But Romeo may not ; he is banished : 40
This may flies do, when I from this must fly :
They are free men, but I am banished :
And say'st thou yet that exile is not death ?
Hadst thou no poison mix'd, no sharp-ground knife,
No sudden mean of death, though ne'er so mean, 45
But " banished " to kill me ? " Banished " ?
O friar, the damned use that word in hell ;
Howling attends it : how hast thou the heart,
Being a divine, a ghostly confessor,
A sin-absolver, and my friend profess'd, 50
To mangle me with that word " banished " ?
Fri. Thou fond mad man, hear me a little speak.
40-43. But . . . death?] see note below. 48. Howling attends] Q i,
Q ; Howlings attends F. 51. " banished"} Q, F ; banishment Q I. 52.
Thou] Q i, Qq 4, 5 ; Then Q, F; hear me a little speak] Q, heare me
speake F, heare me but speake a word Q I.
40-43. But , . . death .'] Q i has : text. For the various arrangements
" And steale immortal! kisses from of editors, see Furness.
her lips ; 45. mean of death] Shakespeare
But Romeo may not, he is banished, uses both the singular mean and the
Flies may doo this, but I from this plural means.
must flye. 48. Howling] To howl is used by
Oh Father hadst thou no strong Shakespeare several times with special
poyson mixt." reference to the outcries of the damned,
Q places after line 39 of text lines 41, as in 2 Henry II'. n. iv. 374, and
43, 40, and then adds the line " Flies Hamlet, \ . i. 265.
may," etc., of Q i, which is followed 52. fond} foolish,
by 42 of the text. F gives only line 52. hear . . . speak] G. White
41 of the text, followed by 43, 40. justly remarks that, although most
Frrors were made in printing a re- editors follow Q I, "hear me but
vision based on Q I. See the note in speak a word," the change seems
Daniel's edition in explanation and plainly to have been made to avoid
defence of the arrangement in the the unpleasant recurrence of word.
sc. HI.] ROMEO AND JULIET 111
Rom. O, thou wilt speak again of banishment.
Fri. I '11 give thee armour to keep off that word ;
Adversity's sweet milk, philosophy, 5 5
To comfort thee, though thou art banished.
Rom. Yet " banished " ? Hang up philosophy !
Unless philosophy can make a Juliet,
Displant a town, reverse a prince's doom,
It helps not, it prevails not : talk no more. 60
Fri. O, then I see that madmen have no ears.
Rom. How should they, when that wise men have no eyes ?
Fri. Let me dispute with thee of thy estate.
Rom. Thou canst not speak of that thou dost not feel :
Wert thou as young as I, Juliet thy love, 65
An hour but married, Tybalt murdered,
Doting like me, and like me banished,
Then mightst thou speak, then mightst thou tear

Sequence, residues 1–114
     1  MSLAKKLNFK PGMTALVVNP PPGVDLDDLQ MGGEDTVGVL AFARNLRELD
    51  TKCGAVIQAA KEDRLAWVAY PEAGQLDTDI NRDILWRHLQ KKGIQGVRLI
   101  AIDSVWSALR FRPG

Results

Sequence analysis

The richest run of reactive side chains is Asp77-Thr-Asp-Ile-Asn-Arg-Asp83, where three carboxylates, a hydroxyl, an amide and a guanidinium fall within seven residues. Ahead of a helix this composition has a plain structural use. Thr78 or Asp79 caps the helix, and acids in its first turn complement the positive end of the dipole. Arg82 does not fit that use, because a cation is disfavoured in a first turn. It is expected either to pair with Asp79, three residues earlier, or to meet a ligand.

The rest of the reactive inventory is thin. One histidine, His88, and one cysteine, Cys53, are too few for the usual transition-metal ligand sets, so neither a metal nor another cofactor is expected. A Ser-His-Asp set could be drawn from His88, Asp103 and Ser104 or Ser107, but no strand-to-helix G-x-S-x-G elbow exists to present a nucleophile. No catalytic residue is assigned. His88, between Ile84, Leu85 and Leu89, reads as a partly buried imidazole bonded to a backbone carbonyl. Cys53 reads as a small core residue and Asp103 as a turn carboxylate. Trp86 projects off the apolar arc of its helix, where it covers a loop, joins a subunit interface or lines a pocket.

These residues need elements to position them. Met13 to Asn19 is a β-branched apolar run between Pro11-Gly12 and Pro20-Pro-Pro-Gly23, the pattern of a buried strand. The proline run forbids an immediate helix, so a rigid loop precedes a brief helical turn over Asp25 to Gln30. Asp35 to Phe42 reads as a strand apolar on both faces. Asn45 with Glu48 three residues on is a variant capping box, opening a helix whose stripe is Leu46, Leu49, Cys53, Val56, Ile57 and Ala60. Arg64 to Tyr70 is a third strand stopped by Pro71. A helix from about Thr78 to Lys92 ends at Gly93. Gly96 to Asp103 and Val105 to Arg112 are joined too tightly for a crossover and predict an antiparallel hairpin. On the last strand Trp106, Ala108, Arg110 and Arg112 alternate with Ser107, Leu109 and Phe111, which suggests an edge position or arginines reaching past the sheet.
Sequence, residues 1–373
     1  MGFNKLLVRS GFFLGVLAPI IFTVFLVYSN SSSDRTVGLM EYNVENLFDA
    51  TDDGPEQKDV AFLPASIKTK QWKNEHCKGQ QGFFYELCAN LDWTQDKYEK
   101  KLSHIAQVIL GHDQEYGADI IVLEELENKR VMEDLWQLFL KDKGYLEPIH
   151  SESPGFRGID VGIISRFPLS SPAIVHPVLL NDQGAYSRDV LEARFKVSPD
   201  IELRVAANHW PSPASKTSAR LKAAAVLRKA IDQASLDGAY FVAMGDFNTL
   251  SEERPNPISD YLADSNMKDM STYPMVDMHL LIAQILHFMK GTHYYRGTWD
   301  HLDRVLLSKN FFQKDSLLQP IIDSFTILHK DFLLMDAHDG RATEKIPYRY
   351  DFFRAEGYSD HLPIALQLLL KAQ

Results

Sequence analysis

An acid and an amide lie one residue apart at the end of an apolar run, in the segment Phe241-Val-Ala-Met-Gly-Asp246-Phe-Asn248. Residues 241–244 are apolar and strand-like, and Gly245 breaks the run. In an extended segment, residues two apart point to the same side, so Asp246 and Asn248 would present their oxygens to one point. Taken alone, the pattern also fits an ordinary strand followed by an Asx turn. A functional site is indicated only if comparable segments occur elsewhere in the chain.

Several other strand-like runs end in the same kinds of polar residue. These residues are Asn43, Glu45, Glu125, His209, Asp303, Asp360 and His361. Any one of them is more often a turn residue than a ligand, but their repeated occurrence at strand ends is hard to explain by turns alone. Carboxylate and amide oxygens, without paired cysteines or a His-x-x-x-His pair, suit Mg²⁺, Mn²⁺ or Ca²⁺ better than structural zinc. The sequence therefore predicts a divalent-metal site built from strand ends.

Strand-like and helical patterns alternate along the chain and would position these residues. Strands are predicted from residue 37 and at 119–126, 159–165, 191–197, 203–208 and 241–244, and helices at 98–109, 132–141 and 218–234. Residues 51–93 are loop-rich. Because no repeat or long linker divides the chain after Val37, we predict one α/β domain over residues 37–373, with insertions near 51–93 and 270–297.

And fall upon the ground, as I do now,
Taking the measure of an unmade grave. 70
Fri, Arise ; one knocks ; good Romeo, hide thyself.
Rom. Not I ; unless the breath of heart-sick groans,
Mist-like, infold me from the search of eyes.
Fri. Hark, how they knock ! Who 's there ? Romeo
54. keep off that} O, F; beare off this Q I. 62. tha'} Q, omitted F.
63. dispute} Q I, Q; dispaire F." 64. that} O, F; what Q i. 65.
as I, Juliet thy} Q i, Q ; as Juliet my F. 70. Knocking . . .] Enter
Nurse, and knocke Q (so F with "knockes").
63. dispute . . . estate] discuss 70, measure. . . grave] So As Yen
with you concerning your present Like It, 11. vi. 2 : " Here lie I down,
state of affairs, and measure out my grave,"
112 ROMEO AND JULIET [ACT m.
Thou wilt be taken. Stay awhile ! Stand up ; 7 5
Run to my study. By and by ! God's will,
What simpleness is this! I come, I come!
Who knocks so hard ? whence come you ? what 's
your will ?
Nurse. [ Within.'] Let me come in, and you shall know
my errand ;
I come from Lady Juliet.
Fri, Welcome then. 80
Nurse. O holy friar, O, tell me, holy friar,
Where is my lady's lord, where 's Romeo ?
Fri. There on the ground, with his own tears made
Nurse. O, he is even in my mistress' case,
Just in her case !
Fri. O woeful sympathy ! 85
Piteous predicament !
75. Knocking] Slud knock Qq 2, 3 ; Knocke againe Qq 4, 5 ; Knocke F.
77. simpleness] Q, F ; wilfztlness, Q i. 79. [Within]] Rowe. So.
Enter Nurse] Rowe ; after line 78 Q, F. 82. Where is\ Q i ; Whercs Q, F.
75. Knocking] The puzzling stage- are given to the Nurse. Farmer con-
direction of Q "Slud knock" may, I jectured that they are the Friar's;
think, be thus explained : The original Steevens and most modern editors
word in line 76 was not study; stud have adopted the suggestion. Unless
was written above, but the word could the Nurse, in the presence of the
not be completed, being interrupted learned Friar, produces her longest
by knock ; study was written in the words, predicament can hardly be
margin, and stud was not erased ; hers. It means here, condition ; it
which the printer misrepresented as is used for category, condition, by